Dark or Light

The Story of the Week

Jon Wood Posted:
Columns Jon Wood 0

Looking over the news of the past week, there are a few stories worth mentioning. First, the layoffs of some of Fallen Earth's big talents. My heart genuinely goes out to these folks. I know how hard it is to invest in a project, especially an indie project like FE, and then suddenly be done with it. It sucks. I'm sure though that these talented folks will land on their feet.

Second, I wanted to take a moment to mention the Stargate Worlds news that ownership of the game has reverted back to Cheyenne Mountain Entertainment. Not that there's anything that can be done now as MGM has revoked the license, but at least now we have a nice bookend to the drama that was this ill fated game. We don't often get TMZ-worthy drama in the world of MMO news, but SGW always managed to provide it.

Finally, I wanted to talk about the story that I, in my less than infinite wisdom, have dubbed the story of the week. Standing above the pack this time around was the news that All Points Bulletin, another ill-fated MMO project, has been picked up by another company. According to reports, K2 network, the company behind GamersFirst picked up the defunct Cops 'n' Robbers MMO for $2.42 million.

GamersFirst, obviously best known as a F2P service provider, will be looking at re-establishing the game as a F2P only service, something that many players believed should have been the case right from the beginning.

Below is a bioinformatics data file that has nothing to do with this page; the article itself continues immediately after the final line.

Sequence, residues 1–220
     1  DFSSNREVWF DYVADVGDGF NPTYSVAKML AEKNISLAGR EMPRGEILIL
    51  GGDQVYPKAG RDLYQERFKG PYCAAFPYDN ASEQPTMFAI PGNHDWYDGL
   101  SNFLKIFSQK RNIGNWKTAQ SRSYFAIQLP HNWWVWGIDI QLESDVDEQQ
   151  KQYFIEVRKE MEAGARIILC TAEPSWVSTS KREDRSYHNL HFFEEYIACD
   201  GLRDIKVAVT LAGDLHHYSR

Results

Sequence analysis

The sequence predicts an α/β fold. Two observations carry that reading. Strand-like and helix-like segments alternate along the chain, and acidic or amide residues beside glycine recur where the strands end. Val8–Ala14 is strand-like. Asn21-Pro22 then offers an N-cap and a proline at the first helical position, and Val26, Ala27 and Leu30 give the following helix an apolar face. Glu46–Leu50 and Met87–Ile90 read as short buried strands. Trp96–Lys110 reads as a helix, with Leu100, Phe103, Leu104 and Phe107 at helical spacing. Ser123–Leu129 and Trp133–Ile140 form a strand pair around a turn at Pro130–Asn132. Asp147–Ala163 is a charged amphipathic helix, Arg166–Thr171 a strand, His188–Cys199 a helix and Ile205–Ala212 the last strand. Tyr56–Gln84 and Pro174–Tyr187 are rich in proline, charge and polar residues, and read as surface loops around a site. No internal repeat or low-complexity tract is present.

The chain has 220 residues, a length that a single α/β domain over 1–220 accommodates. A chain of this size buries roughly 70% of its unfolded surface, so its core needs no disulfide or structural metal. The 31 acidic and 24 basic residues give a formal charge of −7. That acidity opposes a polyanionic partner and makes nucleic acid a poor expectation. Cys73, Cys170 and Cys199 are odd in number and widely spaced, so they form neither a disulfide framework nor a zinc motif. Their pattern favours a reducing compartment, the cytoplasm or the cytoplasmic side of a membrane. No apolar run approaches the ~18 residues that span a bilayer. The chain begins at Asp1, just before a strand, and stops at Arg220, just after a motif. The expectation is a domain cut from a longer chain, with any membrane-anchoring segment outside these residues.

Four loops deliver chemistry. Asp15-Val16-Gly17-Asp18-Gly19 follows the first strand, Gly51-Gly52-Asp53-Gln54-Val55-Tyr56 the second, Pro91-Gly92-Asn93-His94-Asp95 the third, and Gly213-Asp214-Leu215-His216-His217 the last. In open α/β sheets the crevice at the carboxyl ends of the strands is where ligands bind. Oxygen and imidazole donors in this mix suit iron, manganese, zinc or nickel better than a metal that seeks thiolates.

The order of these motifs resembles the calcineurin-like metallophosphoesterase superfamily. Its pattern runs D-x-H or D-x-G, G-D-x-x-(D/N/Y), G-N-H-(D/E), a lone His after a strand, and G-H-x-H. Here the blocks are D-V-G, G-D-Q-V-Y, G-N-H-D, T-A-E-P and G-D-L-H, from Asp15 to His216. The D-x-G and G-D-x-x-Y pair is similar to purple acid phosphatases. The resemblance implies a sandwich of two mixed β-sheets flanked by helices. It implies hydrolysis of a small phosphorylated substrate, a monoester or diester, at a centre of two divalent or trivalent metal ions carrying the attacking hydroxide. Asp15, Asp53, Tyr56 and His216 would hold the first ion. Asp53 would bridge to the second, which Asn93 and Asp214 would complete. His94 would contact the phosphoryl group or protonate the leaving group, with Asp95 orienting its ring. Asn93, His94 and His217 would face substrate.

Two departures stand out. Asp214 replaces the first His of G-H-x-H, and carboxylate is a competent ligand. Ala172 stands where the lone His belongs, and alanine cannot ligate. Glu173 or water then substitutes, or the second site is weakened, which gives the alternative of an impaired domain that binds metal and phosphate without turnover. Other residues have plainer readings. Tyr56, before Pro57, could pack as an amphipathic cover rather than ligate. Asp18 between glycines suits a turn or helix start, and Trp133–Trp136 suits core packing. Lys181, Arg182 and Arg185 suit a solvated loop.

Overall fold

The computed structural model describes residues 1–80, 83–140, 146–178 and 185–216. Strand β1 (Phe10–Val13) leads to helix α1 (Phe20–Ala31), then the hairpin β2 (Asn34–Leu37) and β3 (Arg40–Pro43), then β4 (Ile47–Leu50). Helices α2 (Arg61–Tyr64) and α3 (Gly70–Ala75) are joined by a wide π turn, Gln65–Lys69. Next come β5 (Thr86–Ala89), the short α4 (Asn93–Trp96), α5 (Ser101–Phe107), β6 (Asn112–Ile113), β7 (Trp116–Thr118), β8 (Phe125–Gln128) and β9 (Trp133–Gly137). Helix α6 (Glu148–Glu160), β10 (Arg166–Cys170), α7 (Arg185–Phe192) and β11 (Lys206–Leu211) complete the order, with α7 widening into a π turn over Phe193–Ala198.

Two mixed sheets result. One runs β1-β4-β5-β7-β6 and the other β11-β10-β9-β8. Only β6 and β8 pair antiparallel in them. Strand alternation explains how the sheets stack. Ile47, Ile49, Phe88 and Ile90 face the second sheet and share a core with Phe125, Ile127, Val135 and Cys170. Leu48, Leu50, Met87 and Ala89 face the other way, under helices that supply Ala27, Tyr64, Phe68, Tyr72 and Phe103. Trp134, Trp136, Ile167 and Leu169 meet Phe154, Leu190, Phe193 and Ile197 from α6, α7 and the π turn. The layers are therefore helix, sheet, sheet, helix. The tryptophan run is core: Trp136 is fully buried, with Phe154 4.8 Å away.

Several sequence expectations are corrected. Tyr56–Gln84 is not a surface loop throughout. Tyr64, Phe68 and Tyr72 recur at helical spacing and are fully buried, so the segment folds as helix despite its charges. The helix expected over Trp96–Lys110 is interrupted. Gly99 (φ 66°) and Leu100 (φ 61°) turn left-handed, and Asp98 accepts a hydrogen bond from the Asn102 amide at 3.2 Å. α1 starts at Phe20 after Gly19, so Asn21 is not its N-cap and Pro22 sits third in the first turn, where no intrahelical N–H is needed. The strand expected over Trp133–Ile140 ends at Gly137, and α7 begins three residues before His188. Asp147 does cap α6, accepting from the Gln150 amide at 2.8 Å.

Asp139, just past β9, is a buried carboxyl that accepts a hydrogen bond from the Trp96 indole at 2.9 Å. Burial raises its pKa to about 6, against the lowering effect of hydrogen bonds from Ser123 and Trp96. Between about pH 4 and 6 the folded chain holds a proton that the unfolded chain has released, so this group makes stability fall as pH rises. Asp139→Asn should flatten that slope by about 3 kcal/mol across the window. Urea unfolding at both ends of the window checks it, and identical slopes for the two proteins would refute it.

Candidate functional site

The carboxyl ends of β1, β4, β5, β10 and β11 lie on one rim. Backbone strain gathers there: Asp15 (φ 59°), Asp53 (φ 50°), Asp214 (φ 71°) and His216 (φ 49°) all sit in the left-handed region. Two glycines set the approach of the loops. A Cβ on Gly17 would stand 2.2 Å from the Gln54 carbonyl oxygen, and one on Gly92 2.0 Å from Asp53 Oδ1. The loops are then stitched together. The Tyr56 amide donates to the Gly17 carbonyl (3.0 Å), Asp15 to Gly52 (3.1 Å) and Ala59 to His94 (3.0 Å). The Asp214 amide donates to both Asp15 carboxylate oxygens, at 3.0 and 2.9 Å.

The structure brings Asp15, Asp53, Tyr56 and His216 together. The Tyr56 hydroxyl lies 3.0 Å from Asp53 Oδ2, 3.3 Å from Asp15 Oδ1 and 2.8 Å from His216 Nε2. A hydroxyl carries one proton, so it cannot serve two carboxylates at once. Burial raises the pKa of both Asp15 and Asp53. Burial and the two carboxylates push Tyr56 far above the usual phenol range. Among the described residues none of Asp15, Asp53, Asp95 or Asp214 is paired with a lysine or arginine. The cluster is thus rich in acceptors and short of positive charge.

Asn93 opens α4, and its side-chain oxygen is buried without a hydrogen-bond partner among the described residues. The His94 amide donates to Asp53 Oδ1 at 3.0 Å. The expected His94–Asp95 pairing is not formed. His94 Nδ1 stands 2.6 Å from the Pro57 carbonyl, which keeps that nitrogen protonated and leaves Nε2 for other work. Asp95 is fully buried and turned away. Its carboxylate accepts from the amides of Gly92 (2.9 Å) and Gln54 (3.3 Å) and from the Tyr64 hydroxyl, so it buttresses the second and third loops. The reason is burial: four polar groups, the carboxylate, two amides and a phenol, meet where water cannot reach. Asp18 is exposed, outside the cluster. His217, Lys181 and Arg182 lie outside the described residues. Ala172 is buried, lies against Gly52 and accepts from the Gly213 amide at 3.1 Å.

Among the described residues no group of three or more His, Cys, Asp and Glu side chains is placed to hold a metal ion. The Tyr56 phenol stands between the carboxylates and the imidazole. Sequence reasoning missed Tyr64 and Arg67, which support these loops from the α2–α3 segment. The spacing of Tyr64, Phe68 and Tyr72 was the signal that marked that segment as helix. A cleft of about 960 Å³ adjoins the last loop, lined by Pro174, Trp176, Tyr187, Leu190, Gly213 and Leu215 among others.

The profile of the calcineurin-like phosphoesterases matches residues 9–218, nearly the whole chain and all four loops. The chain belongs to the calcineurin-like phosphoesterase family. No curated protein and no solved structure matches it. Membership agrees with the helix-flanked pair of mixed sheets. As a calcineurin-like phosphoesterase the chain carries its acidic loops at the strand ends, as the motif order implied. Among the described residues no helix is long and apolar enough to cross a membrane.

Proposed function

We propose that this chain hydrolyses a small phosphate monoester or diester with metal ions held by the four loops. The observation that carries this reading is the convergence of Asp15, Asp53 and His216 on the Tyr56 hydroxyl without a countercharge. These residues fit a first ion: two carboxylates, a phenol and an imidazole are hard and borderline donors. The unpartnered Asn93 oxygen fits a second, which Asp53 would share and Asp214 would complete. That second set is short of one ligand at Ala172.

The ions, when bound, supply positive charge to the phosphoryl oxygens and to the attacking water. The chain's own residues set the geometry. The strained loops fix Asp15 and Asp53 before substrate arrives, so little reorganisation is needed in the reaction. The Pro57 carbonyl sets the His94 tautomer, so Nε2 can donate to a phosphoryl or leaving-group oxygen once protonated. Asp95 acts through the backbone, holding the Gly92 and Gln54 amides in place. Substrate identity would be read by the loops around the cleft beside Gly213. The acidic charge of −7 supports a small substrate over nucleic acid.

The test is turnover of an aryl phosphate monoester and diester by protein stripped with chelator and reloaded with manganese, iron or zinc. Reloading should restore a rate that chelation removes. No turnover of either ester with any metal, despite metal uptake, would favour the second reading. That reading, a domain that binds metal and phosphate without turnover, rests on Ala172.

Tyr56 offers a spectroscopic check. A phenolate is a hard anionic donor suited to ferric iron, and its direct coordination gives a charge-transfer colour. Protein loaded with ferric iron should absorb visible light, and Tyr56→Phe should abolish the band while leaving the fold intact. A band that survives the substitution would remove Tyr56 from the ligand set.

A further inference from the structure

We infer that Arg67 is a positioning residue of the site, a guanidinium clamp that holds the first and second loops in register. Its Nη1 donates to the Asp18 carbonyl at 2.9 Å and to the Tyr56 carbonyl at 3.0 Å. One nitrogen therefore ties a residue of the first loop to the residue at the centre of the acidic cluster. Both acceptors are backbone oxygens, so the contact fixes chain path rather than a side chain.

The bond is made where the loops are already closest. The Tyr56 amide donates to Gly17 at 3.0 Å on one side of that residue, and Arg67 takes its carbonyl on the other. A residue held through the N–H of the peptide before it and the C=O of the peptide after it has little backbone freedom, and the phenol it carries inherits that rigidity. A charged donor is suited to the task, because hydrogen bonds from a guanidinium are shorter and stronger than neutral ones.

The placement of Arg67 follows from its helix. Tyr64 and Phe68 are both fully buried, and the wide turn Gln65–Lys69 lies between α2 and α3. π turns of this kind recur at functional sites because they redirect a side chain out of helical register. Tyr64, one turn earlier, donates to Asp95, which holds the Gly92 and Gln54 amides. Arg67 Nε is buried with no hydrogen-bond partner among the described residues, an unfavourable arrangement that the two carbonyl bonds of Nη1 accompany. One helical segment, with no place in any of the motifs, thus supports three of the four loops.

Will this move actually help APB and make it successful under new ownership? Maybe.

First of all, the $2.4 million price tag for the game is significantly lower than the cost Realtime Worlds incurred while creating it, lowering the baseline of financial success the second time around.

I think though, that the folks at GamersFirst have a bit of tweaking to do before players start flocking back to the game, under new management or not. The bottom line is that the same issues that kept players away from the Realtime Worlds version of the game still exist.

First and foremost on the minds of former players is whether or not the game's new owners will spend any time addressing the egregious amount of cheating that was going on under old management. Absolutely nothing destroys an online FPS worse than hackers and cheaters exploiting holes in the game's security.

So with that said, I honestly do believe that GamersFirst has the potential to really revive this title that really did have solid potential pre-launch. The thing is that the company, if they want to bring players back to the game, are going to have to do more than just slap their logo on the existing product. They're going to have to invest a little bit more than their $2.4 million to upgrade the game and make it shine. Whether they plan to do that or not, remains to be seen.


Jon Wood